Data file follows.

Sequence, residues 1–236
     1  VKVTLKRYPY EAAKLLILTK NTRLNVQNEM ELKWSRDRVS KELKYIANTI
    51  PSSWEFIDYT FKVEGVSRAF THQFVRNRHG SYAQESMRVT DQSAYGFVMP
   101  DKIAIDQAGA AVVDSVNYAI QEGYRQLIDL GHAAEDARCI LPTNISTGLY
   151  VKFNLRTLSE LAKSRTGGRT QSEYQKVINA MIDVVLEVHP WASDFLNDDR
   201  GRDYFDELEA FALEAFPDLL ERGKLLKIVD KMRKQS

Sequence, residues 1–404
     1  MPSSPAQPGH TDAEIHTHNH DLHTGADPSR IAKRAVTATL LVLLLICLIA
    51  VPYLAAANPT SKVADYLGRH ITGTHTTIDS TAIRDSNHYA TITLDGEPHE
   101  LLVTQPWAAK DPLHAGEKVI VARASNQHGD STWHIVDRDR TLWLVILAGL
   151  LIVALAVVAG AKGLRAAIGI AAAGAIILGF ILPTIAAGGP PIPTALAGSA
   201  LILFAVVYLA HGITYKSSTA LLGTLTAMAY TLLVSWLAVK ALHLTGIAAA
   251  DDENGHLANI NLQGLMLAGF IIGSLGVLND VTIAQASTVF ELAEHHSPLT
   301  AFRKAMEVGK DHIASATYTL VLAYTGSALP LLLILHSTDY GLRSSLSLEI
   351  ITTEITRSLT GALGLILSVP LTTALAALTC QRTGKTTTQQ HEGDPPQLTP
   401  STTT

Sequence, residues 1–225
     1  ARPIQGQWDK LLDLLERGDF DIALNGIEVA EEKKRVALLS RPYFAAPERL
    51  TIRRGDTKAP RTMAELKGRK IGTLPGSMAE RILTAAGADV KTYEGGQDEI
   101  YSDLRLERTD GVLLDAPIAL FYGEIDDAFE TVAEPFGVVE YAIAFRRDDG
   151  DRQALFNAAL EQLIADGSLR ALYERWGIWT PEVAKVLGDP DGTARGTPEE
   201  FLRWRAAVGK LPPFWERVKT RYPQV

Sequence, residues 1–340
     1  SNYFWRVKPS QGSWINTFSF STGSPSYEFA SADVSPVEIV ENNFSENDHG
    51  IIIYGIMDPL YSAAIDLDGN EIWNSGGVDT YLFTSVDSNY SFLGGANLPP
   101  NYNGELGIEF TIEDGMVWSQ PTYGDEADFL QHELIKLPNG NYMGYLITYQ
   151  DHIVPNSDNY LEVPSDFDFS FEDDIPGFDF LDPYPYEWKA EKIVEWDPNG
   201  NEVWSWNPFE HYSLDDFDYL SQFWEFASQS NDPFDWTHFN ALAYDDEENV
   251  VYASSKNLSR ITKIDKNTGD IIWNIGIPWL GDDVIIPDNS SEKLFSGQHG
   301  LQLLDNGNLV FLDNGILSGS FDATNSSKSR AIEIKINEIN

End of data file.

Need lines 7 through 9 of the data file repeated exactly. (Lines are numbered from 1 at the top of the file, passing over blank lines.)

Sequence, residues 1–404
     1  MPSSPAQPGH TDAEIHTHNH DLHTGADPSR IAKRAVTATL LVLLLICLIA
    51  VPYLAAANPT SKVADYLGRH ITGTHTTIDS TAIRDSNHYA TITLDGEPHE